a c program for simplified manifold MALA sampling of ODE model parameters

Project maintained by a-kramer (mail) Hosted on GitHub Pages — Theme by mattgraham

The bundle contains a user manual (pdf) and a mathematical documentation (pdf).

This software's characteristics:- accepts unnormalized data and reference data (arbitrary units)
- command line tool
- samples in logarithmic space
- multivariate Gaussian prior densities only (in logspace)

install the following dependencies (libraries)

```
External library dependencies
For ODE:
Sundials 2.4.0 or later
For MCMC:
GSL 1.15 or later
CBLAS
For VFGEN:
CLN 1.3.2 or later
GiNaC 1.6.2 or later
mini XML 2.6 or later
```

If you only have a user account without root priviliges, then ask your
system administrator for help.
For example, on ubuntu, you can install the following packages using `apt-get`

or the ubuntu software center:

```
libmxml-dev
libmxml1
libatlas-base-dev
libatlas3gf-base
libginac-dev
libcln-dev
libsundials-serial-dev
libsundials-cvode1
libsundials-cvodes2
libatlas-dev
libgsl0-dev
```

This should work for all ubuntu derivatives and ubuntu based distributions like linux Mint and elementary OS.

Here are some further hints for Installation on Gentoo linux, Arch linux and OpenSUSE.

In principle, it is possible to compile the sources on a windows system. No binary release has been build yet.

Next, inspect the Makefile. You can use it as a starting point for your own project. The bundled Makefile builds the vfgen executable as well as the sampler and a shared library for the model.

Afterwards, use the Makefile by typing

`make -B`

Note that the option `-B`

will compile the sampler,
vfgen, the provided example model (to a shared library); even if the
binaries appear up to date. This option is not necessary after this
one initial run (if it is successful).

```
./ode_smmala -l ./model.so -c ./data.cfg -b \
-o sample.double -s $((3*10**4)) > logfile.out
-b
switches output mode to binary, otherwise text mode (printf)
Burn-In Sample will always be printed to stdout
-c data.cfg
configuration (data, reference data, inputs, output function,
prior, etc.)
-l model.so
shared library file
-s N
sample size
-h
prints help
```

The configuration file includes the measurement time specifications, the data, the standard deviation of observations and the hyperparameters μ and Σ^{-1} of the Gaussian prior. Optionally some of the sampling parameters can be set there for convenience. Edit the bundled configuration file to suit your needs. If your data is not relative, delete the reference data block; the program will handle this case correctly.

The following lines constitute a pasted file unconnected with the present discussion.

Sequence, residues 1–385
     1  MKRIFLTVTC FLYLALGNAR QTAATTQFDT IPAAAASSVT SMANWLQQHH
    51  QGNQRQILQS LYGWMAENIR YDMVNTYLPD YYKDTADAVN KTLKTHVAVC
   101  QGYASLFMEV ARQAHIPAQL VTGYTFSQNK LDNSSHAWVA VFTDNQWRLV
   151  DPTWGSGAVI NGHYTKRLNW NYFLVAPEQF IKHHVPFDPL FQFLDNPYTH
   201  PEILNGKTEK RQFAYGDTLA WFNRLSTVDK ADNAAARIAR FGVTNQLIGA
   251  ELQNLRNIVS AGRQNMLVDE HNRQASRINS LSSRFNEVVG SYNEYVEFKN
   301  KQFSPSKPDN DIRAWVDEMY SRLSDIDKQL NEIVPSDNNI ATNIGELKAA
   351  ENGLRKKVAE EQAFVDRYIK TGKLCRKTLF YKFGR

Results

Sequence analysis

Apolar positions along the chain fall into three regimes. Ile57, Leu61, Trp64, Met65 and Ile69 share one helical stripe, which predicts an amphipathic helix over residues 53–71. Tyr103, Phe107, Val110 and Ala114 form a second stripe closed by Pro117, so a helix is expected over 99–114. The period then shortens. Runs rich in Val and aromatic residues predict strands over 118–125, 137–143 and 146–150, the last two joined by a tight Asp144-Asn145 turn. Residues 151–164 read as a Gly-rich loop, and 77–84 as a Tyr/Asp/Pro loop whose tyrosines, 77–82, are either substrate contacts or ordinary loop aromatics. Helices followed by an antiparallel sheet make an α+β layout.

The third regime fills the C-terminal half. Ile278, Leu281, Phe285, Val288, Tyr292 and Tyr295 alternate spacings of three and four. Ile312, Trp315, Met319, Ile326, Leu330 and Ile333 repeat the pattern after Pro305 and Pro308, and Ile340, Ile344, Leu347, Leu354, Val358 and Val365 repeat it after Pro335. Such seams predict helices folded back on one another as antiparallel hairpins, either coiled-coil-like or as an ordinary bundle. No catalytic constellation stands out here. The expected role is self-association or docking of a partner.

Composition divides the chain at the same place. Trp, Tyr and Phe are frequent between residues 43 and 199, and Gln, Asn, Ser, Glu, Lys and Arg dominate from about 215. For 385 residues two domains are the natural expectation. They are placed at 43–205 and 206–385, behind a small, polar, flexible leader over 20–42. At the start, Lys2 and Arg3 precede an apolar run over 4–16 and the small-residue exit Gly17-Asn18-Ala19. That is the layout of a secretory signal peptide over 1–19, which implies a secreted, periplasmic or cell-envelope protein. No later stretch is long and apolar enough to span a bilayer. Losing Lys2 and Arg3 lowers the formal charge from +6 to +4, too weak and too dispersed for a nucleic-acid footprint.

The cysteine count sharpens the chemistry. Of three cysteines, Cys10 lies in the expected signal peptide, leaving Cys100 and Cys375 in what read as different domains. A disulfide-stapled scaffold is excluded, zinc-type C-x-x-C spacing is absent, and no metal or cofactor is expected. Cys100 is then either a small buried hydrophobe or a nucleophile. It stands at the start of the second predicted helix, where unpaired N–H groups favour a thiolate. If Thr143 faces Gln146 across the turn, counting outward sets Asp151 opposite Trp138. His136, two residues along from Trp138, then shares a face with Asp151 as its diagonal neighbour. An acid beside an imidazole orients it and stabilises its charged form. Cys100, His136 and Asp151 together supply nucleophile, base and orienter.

The following Parameters can be set in the configuration file:

Property | Setting |
---|---|

sample size | `sample_size=[integer]` |

step size | `step_size=[double]` |

target acceptance | `acceptance=[0, 1]` |

sample file name | `output=[string]` |

initial condition time | `t0=[double]` |

These definitions should not have spaces before the '=' sign since
everything before '=' is checked for matches with option names (i.e.`« t0 »=0.0;`

is not the same as `«t0»=0.0;`

).

it might be helpful to specify the sample size like this in bash:

```
-s $((2**14))
-s $((10**6))
```

because `1e6`

or `1E6`

will not work. (the sample size is an integer).

Output of parameters sample `{p}`

will have the following structure (in
binary and text mode; though, in binary mode there are no newlines):

sampling is done in logarithmic space, so use `exp(p[i])`

if you want to simulate trajectories

columns: parameters and log-posterior rows: Markov Chain members (i.e. the sample members)

```
Line
L1 p[0] p[1] p[2] ... p[n-1] log-Posterior {\n}
L2 p[0] p[1] p[2] ... p[n-1] log-Posterior {\n}
L3 p[0] p[1] p[2] ... p[n-1] log-Posterior {\n}
L4 p[0] p[1] p[2] ... p[n-1] log-Posterior {\n}
...
L{sample_size} ...
```

you can load the binary sample using an fread type function.

e.g. in octave: `[VAL, COUNT] = fread (FID, SIZE, PRECISION,SKIP, ARCH)`

so:

```
FID=fopen("MySample.double","r");
sample=fread(FID,[n+1,sample_size],"double");
fclose(FID);
```

should work fine. In fact, the sources include octave scripts that read and process the sample.